"Failure. An act or instance of failing or proving unsuccessful; lack of success. Nonperformance of something due, required or expected. A subnormal quantity or quality." He closed the dictionary on his lap and looked up at me. "Is that it? A subnormal quality? You don't think you're as good as your sister?" I held my hand out for the dictionary, and he freely handed it over. I flipped through some pages before landing upon the word I was looking for. “An idle, worthless person; a person who is ineffectual, unsuccessful, or completely lacking in merit. Good. For. Nothing. That’s me. In my family, I’m the ‘ne’er-do-well’. I got no attention at home, and even less when I moved away. Why did they even bother having another daughter?” I asked becoming angry, tears forming along my bottom eyelid. “I fell in love with music at a very young age. I preferred to listen to music than go to cheer practice. They enrolled me in soccer, softball, basketball. I was miserable growing up. All I wanted to do was listen to music. Diana Ross, Tina Turner, Stevie Wonder, Smokey Robinson. All of the albums my father played in the house while I was growing up. I fell in love with it, but because I wouldn’t lace up damn soccer cleats, I wasn’t worth the attention they put into my sister and her cheer routines.” He nodded his head, writing a few things down, a hint of a faint smile on his face. “What else?” My mind was racing now, all of these feelings I had been holding in about my childhood were coming out and I didn’t know if it was a good thing or not. I would never accuse my mother of doing a terrible job raising me, but I guess she could have done a little bit better. “I felt isolated. No one wants to celebrate the fact that Lily learned how to play the piano, everyone wants to celebrate the fact that Lizzy just became cheer captain. It wasn’t right growing up seeing my sister being rewarded for the same level of accomplishment I was achieving. I was able to play Beethoven’s 5th symphony by my 10th birthday. Did anyone turn their neck? Of course not. I just didn’t fit in.”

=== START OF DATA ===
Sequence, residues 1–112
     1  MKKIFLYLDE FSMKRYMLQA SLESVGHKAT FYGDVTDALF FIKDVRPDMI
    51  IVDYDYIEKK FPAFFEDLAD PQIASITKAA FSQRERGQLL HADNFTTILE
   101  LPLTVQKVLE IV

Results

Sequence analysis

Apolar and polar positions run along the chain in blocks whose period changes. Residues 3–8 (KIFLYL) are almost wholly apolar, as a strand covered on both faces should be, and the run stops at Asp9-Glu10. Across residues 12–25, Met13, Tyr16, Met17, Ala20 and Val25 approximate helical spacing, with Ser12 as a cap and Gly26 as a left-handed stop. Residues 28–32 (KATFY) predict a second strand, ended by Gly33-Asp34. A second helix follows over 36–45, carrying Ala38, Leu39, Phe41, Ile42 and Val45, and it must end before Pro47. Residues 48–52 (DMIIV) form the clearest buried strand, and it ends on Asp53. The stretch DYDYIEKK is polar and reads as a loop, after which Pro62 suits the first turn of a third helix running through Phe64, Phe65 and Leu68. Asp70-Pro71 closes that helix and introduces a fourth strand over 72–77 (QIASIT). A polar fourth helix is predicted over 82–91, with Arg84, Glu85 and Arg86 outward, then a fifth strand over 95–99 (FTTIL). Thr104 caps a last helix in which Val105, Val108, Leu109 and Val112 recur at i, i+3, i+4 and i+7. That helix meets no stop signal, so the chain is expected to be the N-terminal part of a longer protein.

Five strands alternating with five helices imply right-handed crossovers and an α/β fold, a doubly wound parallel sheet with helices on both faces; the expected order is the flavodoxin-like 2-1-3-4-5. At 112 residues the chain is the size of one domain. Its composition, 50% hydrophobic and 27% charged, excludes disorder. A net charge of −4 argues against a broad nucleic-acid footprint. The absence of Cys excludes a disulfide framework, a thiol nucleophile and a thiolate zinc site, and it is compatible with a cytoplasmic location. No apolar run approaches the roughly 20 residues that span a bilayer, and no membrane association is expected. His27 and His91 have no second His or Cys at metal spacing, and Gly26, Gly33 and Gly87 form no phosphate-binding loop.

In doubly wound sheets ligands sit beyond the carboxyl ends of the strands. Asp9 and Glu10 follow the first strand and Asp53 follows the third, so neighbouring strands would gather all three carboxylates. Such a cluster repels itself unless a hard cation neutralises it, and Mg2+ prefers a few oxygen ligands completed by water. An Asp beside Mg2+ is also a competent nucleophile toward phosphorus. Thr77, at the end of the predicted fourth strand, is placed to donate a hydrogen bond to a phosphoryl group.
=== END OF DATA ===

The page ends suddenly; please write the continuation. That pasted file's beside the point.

“Do you still play piano?” I looked down at my fingers, picking at my cuticles once again. “No.” “Why not?” I moved around on the couch, switching my legs, pulling my right one up underneath me. I was almost tempted to lay down on the black couch. Isn’t that what you’re suppose to do in ‘therapy’ anyways? “What’s the point in playing for yourself?” “You have Max though.” I shook my head, it’d been years since I laid my fingers on the ivory keys of a classic piano. It was a secret of mine I was hoping to take with me to my grave. Those memories of being alone needed to be left in the past, why was he bringing them to the surface? “Max doesn’t have the attention span to sit and listen to me play something on the piano.” “Does he know you use to play?” I shook my head from side to side quickly, looking back down at my shredded fingers. “Lillianah, I highly suggest you start playing again. For yourself more than anything. Even if you don’t receive the attention you hope it would, playing might be very good for you. It’s something you can do with your hands and occupy your mind while you’re recovering from your addiction. Please take it into consideration?” I nodded my head, allowing all of his words to sink in. “So I think that’s enough for today. We’ll be watching the game tonight in the main lounge if you want to come.” “The Penguins game?” I asked suddenly very alert, and very excited. He nodded his head and stashed some papers away in my chart. “Yup, the Penguins game.”